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Saturday, Apr. 30, 2016

For Berry, 200th win a valued milestone

Tuesday, January 18, 2005

Janet Berry has never wanted a career in anything but teaching and coaching.

A natural-borne and fiery competitor, she remembers the local paper interviewing its carriers for a story when she was hauling the Burlington Hawk Eye door to door as a ten-year-old.

"I just said that's what I wanted to do," she said. "And I've never wavered since."

Indeed. Berry, the Buena Vista University women's basketball coach since 1992, recorded the 200th win of her career Friday night when BVU trounced Dubuque.

"It really did mean a lot to me," Berry told the Pilot Tribune Sunday night, "even though that whole day was stressful and I was glad when it was over. It put me in a nostalgic mood and I thought a lot about all the great players and people I've coached here over the years."

Nostalgic, yes, but not enough to calm the competitive fires burning within. Her team came back Saturday night with a clutch win over Simpson in a classic Iowa Conference matchup.

That win gave Berry a 201-124 career record at BVU. During her tenure, her teams have won four Iowa Conference championships (1995, 1996, 1997 and 2004) and it will be an upset if the Beavers don't win another IIAC title this season.

Berry has guided four of her teams to Division III national tournaments and has been named Iowa Conference Coach of the Year four times as well. A fifth is probably on the way in 2004-2005.

"I've never made a basket or a play all that time, but my role has been gathering a group of players, having the women know their roles and hopefully building good team chemistry," she said.

For Berry, it's her competitiveness that keeps her going, even though she admits there have been some tough losses along the way.

"You have to have some resiliency as a coach and I think I've had that," she said. "Most of all, I hate to lose and love winning. When I don't feel that way anymore, I'll know it will be time to stop coaching."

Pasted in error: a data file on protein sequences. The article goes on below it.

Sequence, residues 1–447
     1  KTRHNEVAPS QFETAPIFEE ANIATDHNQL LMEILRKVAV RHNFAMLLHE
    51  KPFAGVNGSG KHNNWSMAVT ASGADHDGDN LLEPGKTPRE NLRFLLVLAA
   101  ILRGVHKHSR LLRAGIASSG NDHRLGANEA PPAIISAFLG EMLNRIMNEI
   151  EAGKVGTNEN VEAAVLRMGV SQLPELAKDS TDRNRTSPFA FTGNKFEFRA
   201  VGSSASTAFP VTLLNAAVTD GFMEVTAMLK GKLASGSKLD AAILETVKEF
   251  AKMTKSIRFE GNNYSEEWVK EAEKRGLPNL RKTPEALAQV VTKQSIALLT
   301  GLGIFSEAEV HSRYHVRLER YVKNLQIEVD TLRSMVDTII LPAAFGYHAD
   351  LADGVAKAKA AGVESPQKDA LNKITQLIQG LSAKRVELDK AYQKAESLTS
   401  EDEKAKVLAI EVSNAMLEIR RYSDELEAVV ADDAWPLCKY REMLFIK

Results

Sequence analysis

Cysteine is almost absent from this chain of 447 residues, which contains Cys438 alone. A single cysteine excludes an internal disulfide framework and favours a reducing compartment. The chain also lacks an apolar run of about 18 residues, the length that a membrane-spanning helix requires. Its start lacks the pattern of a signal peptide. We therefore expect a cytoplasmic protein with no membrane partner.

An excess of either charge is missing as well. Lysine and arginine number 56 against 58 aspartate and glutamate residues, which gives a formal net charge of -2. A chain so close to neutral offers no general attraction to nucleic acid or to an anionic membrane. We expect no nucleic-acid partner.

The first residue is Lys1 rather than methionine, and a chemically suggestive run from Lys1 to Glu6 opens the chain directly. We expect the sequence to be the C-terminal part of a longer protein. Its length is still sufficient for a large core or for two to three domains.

Berry might have gained her competitiveness from her family. She grew up with four other siblings and the whole family was involved in sports.

She didn't play basketball at Burlington during the six-on-six era, even though she had the athletic ability to do so.

"At that time, the Burlington program wasn't very good and I really didn't want to be part of it," she said. "So I turned my efforts to other interests."

She was a member of a state champion golf team in high school, where she was also a standout softball player.

After graduation, it was off to Iowa State, where her father went to college as well as all four of her siblings. After earning her bachelor's degree and competing in intramural sports at ISU, she coached junior high basketball at Fort Madison Aquinas for a year.

Later, she served as head volleyball and girls basketball coach at West Point-Marquette.

"One of my coaches there told me he thought I'd make a good college coach," Berry remembered. "I had never thought that might have been possible or that I'd have a chance at that."

Nevertheless, being a college coach became one of her goals, and while gaining her Master's Degree at Mankato State in Minnesota, she was a graduate assistant basketball coach there.

When BVU's John Naughton retired after 16 years as women's basketball coach, Berry finally realized her dream.

She said she didn't foresee coaching at BVU for such a long time, but met Storm Lake native Steve Berry and they eventually married and now have two children.

She is an active volunteer in the community, a deacon at her church and was recently elected to the Iowa Women's Golf Association Board.

Following Friday night's win, she and her husband went out to dinner to celebrate.

"We rarely do that because we have two young children at home," she said. "But Friday night, people were coming up to me and congratulating me on the win. This is a wonderful community and it's nice to be a part of it. This is my home now; I'm a Storm Laker."

That means she keeps an eye on many of the small school prep players in the area. She says even though she came from a 4A high school, she prefers recruiting small-school athletes.

"The kids from small schools are involved in everything, including other sports and things like band and choir," Berry said.

"I've found that they are often more well-rounded people. They come here knowing how to manage their time. And sports is such an important part of small communities. I think that's valuable to have that kind of student-athlete."

That recruiting philosophy has led to a lot of highlights over her coaching career at BVU. She said, however, two moments stand out.

One of them was last year's national tournament victory over Carleton at Siebens Field House in Storm Lake.

"I'll always remember that game," she said. "It was just an electric atmosphere with a big crowd that was really into the game."

She also remembers her first Iowa Conference title back in 1995.

"I was sitting in my office and heard that Luther had been upset by one point, which gave us the conference championship," she said. "We sort of backed into it, but I remember it probably because it was my first one."

There have been four IIAC titles since then, and given Berry's competitiveness and desire to win, there will be more coming.

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